BAKED CHOCOLATE-COVERED DOUGHNUTS
1 cup pastry flour or regular flour if not available
1/2 cup sugar
1 teaspoon baking powder
1/4 teaspoon salt
2 tablespoons milk
2 large eggs
3 tablespoons vegetable oil
6 tablespoons creamy milk chocolate frosting
doughnut mold, or tray, for 6 doughnuts
Preheat oven to 375 degrees.
Combine flour, sugar, baking powder and salt in medium mixing bowl until all ingredients appear to be well mixed. Add milk, eggs, and vegetable oil to another medium bowl. Blend with whisk until mixture starts to get foamy. Pour the milk mixture into the flour mixture and mix until all is combined.
Spray doughnut mold with no-stick spray. Scoop combined mixture into each dough form until half full. Put in oven and cook at 375 degrees for 10 to 12 minutes. Doughnuts should be done when they spring back when gently poked.
Remove doughnut mold from oven. Let sit for about 3 to 4 minutes. Gently pry doughnuts from mold with knife or small wooden spatula. Use wooden spatula to gently (Yes, today’s cooking word is gently) spread chocolate frosting on top half of doughnut.
(Lots of people love doughnuts. The primal drive of the caveman to pounce on a bison has nothing on the modern person’s urge to eat a doughnut. This urge is so intense that your doughnuts might get eaten before they are even coated with chocolate. That’s okay. They’re happy and you will have less to clean up.)
1) So many places proclaim themselves to be “Donut Shops” that I ever open one of those stores, I will say that my doughnuts are made with “real dough.”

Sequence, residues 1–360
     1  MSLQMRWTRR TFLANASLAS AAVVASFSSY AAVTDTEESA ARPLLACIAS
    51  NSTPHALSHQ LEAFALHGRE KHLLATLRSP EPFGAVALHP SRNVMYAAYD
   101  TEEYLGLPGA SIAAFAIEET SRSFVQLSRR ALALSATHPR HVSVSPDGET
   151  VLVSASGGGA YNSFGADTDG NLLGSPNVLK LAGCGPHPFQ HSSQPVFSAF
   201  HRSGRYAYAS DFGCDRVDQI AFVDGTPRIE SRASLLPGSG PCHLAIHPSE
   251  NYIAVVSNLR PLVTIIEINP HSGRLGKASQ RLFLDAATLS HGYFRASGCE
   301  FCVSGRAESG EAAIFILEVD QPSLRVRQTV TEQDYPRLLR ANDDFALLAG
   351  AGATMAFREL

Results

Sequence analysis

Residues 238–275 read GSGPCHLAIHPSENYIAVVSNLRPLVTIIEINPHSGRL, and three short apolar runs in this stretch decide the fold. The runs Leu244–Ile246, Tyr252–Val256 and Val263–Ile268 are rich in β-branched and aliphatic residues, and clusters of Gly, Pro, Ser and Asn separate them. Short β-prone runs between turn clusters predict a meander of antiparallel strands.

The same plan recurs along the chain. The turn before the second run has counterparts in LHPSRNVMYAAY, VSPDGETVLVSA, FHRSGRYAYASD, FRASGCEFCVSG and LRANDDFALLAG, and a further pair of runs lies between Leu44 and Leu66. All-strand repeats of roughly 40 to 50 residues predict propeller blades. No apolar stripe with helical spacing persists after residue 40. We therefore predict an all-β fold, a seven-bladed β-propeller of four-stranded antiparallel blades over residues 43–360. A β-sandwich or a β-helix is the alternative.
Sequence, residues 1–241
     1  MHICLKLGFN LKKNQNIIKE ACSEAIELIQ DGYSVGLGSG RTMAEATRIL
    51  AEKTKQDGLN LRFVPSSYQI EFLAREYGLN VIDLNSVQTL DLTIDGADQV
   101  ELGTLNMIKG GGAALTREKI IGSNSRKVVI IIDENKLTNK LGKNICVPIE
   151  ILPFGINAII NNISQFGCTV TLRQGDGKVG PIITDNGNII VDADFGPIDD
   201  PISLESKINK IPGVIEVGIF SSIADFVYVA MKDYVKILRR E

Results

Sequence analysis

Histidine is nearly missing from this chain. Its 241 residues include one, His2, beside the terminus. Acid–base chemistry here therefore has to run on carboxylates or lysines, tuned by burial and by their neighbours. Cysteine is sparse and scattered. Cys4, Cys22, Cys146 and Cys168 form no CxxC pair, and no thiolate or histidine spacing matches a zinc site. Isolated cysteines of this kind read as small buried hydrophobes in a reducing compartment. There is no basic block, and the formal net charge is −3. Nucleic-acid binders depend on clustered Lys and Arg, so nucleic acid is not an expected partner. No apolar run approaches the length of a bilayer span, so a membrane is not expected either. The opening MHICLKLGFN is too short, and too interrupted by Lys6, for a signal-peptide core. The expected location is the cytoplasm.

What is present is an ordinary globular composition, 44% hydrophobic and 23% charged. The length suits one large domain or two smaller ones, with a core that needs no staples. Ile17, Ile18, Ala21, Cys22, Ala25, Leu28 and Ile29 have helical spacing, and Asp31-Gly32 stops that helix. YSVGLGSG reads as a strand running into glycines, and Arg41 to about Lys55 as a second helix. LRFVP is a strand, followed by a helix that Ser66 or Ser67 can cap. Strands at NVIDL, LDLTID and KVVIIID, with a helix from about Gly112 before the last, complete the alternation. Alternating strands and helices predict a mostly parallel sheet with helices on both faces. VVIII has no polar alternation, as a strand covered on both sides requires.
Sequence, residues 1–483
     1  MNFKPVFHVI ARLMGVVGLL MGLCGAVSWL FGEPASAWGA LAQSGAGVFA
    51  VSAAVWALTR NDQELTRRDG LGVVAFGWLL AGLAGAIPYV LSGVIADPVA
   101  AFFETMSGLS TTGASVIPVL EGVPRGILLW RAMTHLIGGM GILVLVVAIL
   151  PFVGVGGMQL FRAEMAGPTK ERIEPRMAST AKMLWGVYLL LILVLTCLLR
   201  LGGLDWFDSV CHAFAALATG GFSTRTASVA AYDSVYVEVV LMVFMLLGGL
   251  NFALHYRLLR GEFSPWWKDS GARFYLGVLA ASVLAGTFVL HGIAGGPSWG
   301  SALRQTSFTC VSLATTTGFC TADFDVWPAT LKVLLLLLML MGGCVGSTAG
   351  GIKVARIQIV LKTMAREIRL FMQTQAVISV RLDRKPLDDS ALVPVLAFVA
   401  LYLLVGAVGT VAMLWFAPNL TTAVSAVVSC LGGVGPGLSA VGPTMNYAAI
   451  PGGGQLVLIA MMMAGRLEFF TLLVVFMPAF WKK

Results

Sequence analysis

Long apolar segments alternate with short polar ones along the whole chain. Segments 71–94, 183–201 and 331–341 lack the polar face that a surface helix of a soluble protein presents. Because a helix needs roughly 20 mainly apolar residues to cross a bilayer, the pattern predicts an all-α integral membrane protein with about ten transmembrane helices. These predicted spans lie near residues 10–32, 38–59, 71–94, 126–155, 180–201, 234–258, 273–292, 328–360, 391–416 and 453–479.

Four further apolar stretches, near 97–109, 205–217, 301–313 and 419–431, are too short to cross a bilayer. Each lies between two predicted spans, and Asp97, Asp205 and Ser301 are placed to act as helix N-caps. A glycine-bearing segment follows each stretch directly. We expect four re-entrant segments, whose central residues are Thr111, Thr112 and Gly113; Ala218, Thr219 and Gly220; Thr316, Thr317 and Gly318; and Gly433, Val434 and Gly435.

2) “Dough” as American slang for money dates back to 1851.
3) I’ve heard that some economists claim that the size of the doughnut hole correlates with the health of the economy. When the economy booms, more dough gets used and so the doughnut hole becomes smaller.
4) My degree is in economics and I’ve never seen such studies, not even in my wilder classes or in the most blood-stirring journals of economics.
6) The exciting Gertrude Stein once used the phrase, “the hole of the doughnut,” to describe people personalities or souls.
7) Empirical economists use multiple equations replete with Greek letters to examine hypotheses.
8) During such examinations we economists like to eat pizza. However, we never turn down a good doughnut. In this way, we are like people everywhere.
– Paul De Lancey, The Comic Chef
My cookbook, Following Good Food Around the World, with its 180 wonderful recipes, my newest novel, Do Lutheran Hunks Eat Mushrooms, a hilarious apocalyptic thriller, and all my other books, are available on amazon.com.